I am not going to regurgitate the facts of Jones v Kernott  UKSC 53 which, although unusual, are now well known and a summary can be found here. The judgment of the Supreme Court was handed down on 9 November, the Court unanimously allowing Ms Jones' appeal and restoring the trial judge's order.
The Court was in agreement as to the principles to apply:
1. Where a couple jointly owns a property the starting point is that they are beneficial joint tenants in the absence of any express declaration of trust to the contrary.
2. This presumption of equal shares can be displaced if it can be shown that the parties had a different common intention at the time of purchase, or if their intention subsequently changed.
3. That common intention is to be deduced objectively from the parties' conduct.
4. If it is clear that the parties did not intend beneficial joint tenancy or that their intention has changed, but it is not possible to deduce from the evidence what shares the parties intended to hold the property in, the parties will be entitled to the shares which the court thinks fair having regard to the whole course of dealing in relation to the property. The court will impute an intention to them accordingly.
The majority - Lady Hale and Lords Walker and Collins - held that it could be inferred from the parties' conduct that they intended a 90% - 10% division of the jointly owned property in Ms Jones' favour, which was what the trial judge had ordered. Lords Kerr and Wilson however thought that it was not possible to infer such an intention on the evidence, but that did not impact on the result because they considered it was fair to impute that intention to the parties. So what's the difference? At what point does inferring intention stop and imputing an intention/imposing what is fair start?
The majority expressed the view that there was no real practical difference between inferring and imputing. Lord Collins said "one person's inference will be another person's imputation" and it would be difficult to imagine a scenario where in the absence of express agreement the court would infer a common intention which is unfair. The minority disagreed. Lord Kerr points out that it is somewhat artificial to say an intention is being imputed when what the court is actually doing is deciding what is fair, which is wholly unrelated to ascertainment of the parties' views. The parties will almost certainly never have had that intention at all. He thought it would be better to say that if an intention cannot be deduced from the parties' conduct, then the court will divide the beneficial interests to achieve a fair result, without elliptical reference to what the parties intended or would/should have intended. However he concedes that the "language of imputing intention has entered the lexicon of this area of law and it is probably impossible to discard it now." [para 74]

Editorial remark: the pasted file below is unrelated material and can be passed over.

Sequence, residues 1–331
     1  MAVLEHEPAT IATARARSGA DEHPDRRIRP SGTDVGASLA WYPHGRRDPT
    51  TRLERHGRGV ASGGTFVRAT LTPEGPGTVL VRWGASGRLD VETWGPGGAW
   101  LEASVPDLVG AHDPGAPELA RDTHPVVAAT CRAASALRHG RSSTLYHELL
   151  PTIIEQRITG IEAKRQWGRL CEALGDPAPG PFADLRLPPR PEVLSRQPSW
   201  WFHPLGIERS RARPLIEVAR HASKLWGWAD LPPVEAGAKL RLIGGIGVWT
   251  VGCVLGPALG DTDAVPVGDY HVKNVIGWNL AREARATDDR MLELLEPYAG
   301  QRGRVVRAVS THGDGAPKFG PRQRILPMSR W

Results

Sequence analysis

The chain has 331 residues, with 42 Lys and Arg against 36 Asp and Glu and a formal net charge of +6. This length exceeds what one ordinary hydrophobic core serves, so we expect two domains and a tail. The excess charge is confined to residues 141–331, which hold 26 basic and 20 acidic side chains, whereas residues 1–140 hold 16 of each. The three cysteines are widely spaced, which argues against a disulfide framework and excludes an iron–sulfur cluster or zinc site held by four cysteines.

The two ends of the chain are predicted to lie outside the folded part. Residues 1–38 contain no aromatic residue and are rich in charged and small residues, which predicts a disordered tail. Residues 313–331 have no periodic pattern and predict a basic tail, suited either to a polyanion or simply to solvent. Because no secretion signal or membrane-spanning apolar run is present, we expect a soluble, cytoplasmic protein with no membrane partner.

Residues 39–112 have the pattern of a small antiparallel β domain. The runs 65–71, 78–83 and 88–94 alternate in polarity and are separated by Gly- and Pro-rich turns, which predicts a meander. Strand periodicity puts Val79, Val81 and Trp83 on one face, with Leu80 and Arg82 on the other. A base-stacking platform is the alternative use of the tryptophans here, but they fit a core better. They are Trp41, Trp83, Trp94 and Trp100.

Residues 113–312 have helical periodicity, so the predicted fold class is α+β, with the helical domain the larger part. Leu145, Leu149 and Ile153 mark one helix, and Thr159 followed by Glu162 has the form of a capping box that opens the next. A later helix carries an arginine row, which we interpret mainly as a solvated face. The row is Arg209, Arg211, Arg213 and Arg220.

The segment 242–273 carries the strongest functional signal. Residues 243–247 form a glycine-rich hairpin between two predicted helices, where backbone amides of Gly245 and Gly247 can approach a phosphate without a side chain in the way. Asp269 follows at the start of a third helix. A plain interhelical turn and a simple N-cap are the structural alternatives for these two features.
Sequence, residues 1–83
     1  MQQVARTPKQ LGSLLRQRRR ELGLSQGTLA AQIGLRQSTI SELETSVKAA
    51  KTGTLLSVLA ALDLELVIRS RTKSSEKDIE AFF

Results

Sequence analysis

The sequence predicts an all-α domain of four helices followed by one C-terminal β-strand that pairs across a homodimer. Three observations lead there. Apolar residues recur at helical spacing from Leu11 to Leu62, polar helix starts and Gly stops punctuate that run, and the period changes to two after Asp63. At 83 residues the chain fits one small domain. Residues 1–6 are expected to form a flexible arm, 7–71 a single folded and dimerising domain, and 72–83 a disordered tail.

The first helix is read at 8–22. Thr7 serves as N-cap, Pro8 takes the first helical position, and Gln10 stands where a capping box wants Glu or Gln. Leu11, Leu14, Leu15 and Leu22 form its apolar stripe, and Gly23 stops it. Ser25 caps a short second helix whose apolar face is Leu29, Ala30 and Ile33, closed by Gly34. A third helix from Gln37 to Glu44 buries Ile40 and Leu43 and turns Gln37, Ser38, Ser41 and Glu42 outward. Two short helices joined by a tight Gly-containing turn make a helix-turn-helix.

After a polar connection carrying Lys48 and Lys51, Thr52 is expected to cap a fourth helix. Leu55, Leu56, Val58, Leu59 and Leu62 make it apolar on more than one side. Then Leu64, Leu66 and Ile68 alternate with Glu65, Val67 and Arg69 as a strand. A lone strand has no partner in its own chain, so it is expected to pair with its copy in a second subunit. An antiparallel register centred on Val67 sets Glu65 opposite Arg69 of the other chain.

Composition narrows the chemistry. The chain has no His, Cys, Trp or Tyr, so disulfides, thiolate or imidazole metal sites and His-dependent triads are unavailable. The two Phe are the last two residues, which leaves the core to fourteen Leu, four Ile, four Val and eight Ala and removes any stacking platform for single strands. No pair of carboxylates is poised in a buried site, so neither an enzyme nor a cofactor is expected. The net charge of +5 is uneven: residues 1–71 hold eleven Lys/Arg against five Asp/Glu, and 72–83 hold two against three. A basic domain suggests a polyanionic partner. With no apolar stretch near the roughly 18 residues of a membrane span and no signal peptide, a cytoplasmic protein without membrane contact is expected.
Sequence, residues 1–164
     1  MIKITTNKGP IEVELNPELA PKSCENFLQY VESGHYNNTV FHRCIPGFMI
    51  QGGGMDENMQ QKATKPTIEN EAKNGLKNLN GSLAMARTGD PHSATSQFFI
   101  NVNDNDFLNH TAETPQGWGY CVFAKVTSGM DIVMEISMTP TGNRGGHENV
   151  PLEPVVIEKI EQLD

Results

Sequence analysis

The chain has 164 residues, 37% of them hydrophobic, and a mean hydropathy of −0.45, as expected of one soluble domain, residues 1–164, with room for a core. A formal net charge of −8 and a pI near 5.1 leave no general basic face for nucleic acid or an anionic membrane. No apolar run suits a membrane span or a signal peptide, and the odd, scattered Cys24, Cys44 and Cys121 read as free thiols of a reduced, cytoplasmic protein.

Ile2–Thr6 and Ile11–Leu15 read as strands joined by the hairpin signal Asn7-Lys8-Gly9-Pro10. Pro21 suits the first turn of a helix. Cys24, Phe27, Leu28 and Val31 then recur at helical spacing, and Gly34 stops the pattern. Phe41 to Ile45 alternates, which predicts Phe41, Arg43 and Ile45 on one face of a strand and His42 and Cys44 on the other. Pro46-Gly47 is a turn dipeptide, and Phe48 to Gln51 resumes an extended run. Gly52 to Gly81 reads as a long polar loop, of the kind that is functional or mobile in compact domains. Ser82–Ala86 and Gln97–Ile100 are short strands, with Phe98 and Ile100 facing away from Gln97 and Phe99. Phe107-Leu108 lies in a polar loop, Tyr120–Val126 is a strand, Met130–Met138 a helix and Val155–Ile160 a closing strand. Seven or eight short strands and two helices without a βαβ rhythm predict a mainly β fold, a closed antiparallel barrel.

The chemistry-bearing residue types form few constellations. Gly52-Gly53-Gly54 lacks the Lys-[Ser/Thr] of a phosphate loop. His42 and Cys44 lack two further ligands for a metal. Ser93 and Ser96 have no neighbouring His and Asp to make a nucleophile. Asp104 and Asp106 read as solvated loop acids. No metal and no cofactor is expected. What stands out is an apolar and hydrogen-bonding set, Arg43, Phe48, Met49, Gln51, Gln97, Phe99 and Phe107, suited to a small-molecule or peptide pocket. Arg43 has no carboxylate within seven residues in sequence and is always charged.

Lord Kerr was also concerned that the concept of inferring intention should not be strained. The court "should not be reluctant to recognize when it is appropriate to do so that inference of an intention is not possible and that imputation of an intention is the only course to follow." [para 72] "As soon as it is clear that inferring an intention is not possible, the focus of the court's attention should be squarely on what is fair and, as I have said, that is an obviously different examination than is involved in deciding what the parties actually intended." [para 75]
I am inclined to agree. Can you really say that in 1995 with just a small deposit on a property raised from cashing in his share of an insurance policy, Mr Kernott intended to walk away from his £30,000 interest (albeit subject to some mortgage) in the jointly owned property? With hindsight looking at the growth in equity in his own property and his lack of contribution to the outgoings on the joint property etc, you could say (as the minority did) that that was the fair result, but could anyone reasonably have been expected to have had the intention that was in the event inferred by the majority? Most couples do not have any specific intentions about the shares in which they hold property - they only think about it when they separate and lawyers start analysing their behaviour to try to establish the necessary intention to found a bigger share.